Category: IDE

Lean Programming – 5S for Code

I enjoy coding and learned many programming languages over the years. As diverse as these languages are, there is one trait that is consistent among them all: every instruction matters.

The principles of Lean, defined as “the pursuit of perfection to achieve excellence through the continual elimination of waste,” can also be applied to programming. The seven forms of waste are:

  • Defects: Bugs in our Code. Avoid using clever tricks or complicated code where a simple statement or expression is just as effective.
  • Overproduction: Features or functions that are not required,
  • Waiting: Synchronous versus asynchronous processes, load times, code sequencing, multi-core threading, distributed networking,
  • Inventory: Redundant Code,
  • Motion: Inefficient algorithms, poorly designed UI,
  • Over-processing: Unnecessary functions or capabilities. Deliver the solution requested per the scope of the application, no more, no less.
  • Transport: Movement of resources or data. Consider in memory processes versus disk intensive transactions, or client side versus server side data processing.

There is a notable difference between “sloppy programming” and clean code written by someone who knows better. Have you ever spent hours attempting to decipher someone’s code, or even your own? A clean, readable, and well documented file is much easier to work with and, more importantly, understandable.

5S Your Code

We can minimize some forms of waste by using a method known as 5S. IDE’s such as those offered by JetBrains, allow us to create a workspace for a given application, but we can extend this concept to each file or script too.

  1. Sort (Seiri): Eliminate all unnecessary tools, functions, comments, and resources. Choose meaningful file and variable names to minimize tedious and redundant comments in your Code.
  2. Set in Order (Seiton): Use an effective directory management strategy to organize all your files for quick and easy reference. Deploy an effective “Model, View, Controller” strategy when developing your applications. Restrict your functions to a single purpose to better enable re-usability.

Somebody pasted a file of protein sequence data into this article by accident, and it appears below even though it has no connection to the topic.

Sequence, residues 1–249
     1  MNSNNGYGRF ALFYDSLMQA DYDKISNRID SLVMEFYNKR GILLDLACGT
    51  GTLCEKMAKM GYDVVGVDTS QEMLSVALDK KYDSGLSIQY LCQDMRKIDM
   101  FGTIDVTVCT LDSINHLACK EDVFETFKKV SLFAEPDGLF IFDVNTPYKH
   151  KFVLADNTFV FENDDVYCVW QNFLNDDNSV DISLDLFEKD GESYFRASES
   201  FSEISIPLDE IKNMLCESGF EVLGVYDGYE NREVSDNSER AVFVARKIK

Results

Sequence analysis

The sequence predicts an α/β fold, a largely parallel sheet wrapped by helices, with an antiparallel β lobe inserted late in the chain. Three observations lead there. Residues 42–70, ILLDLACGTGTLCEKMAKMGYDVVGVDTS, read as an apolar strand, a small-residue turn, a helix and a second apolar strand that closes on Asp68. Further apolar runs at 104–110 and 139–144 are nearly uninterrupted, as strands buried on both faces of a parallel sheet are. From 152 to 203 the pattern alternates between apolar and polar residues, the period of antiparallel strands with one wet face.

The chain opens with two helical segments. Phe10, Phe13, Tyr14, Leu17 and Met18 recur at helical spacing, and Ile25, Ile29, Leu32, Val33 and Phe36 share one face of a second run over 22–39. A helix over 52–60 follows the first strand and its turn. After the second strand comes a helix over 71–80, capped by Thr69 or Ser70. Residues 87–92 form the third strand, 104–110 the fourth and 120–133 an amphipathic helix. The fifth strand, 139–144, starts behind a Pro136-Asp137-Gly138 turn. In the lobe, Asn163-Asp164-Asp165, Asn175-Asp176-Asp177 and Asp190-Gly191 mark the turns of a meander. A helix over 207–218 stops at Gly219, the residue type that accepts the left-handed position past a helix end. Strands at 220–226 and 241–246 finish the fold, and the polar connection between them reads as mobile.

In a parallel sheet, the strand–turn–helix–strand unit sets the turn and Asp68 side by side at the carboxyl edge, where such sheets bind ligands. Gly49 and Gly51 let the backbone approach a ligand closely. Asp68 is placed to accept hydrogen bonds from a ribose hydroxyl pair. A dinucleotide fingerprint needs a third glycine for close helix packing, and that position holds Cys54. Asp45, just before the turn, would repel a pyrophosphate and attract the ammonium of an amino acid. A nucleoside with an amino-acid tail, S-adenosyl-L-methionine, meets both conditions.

3. Shine (Seiso): Set and follow standardized coding guidelines and naming conventions. Deploy rigorous version control standards.
  4. Standardize (Seiketsu): Publish coding guidelines and maintain your Code accordingly.
  5. Sustain (Shitsuke): Cascade requirements and communicate expectations throughout the organization. Continually review and update the guidelines accordingly.

5S is one of the fundamental elements of Kaizen and, when practiced regularly, helps to minimize the seven wastes, allowing you to work effectively and efficiently.

Until Next Time – STAY lean!

Related Articles and Resources

What is 5S? – kanbanize.com

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Lean Code and JavaScript IDE

BracketsJavascript is one of the more popular programming languages in use today and its use and capabilities are further enhanced by a variety of available frameworks, such as Node.js and AngularJS, and other libraries.

Although you can use almost any text editor to write Javascript, a language based Interactive Development Environment (IDE) or Code Editor can greatly improve your ability to write code more efficiently and effectively.  This is especially true where syntax and case sensitive languages – like Javascript – are concerned.

I use WebStorm by JetBrains for the majority of my web-based applications, however, a number of less capable cross-platform IDE’s and editors are also available for writing JavaScript, HTML, and CSS.  One such editor is Brackets created by Adobe Systems.

Review:  The 10 best JavaScript editors” by Martin Heller, Contributing Editor, InfoWorld (May 17, 2017) presents a number of JavaScript editors for consideration of which Brackets is among them.  I prefer to use cross-platform tools wherever possible and I use a variety of IDE’s and editors that are best suited for the project at hand.

Brackets is a light-weight open-source cross-platform editor equipped with sufficient functionality to efficiently write HTML, CSS, and JavaScript code.  A number of extensions are also available to further enhance your experience using Brackets.

Extensions are often written by third-party programmers or developers and should be installed with caution.  I highly recommend researching and reading reviews by others to ensure they are worthwhile and trustworthy.

If you are just learning JavaScript or writing a quick a script, consider the simplicity of using an editor like Brackets where you can focus on writing your code rather than get bogged down with learning all the details and nuances of a full-featured IDE.

If you’re wondering what kind of programs can be written using JavaScript, HTML, and CSS, you’ll have Brackets to serve as your source of inspiration as one of the many possibilities.  For more information, visit the Brackets web page.  As of this writing, Brackets 1.11 is available for download.

The excitement of learning a new language is often met with varying degrees of chaos and confusion when selecting the right tools to get started.  I recommend starting with something simple and less distracting that will allow you to focus on the task at hand.  Brackets is one such editor.

In time, you will learn which tools will best serve your needs and you can adjust your working and coding environment accordingly.  Feature filled IDE’s and Editors will do little to serve your needs if you have yet to learn or don’t know how to program.

Until Next Time – STAY lean!

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Related Articles, Resources, and References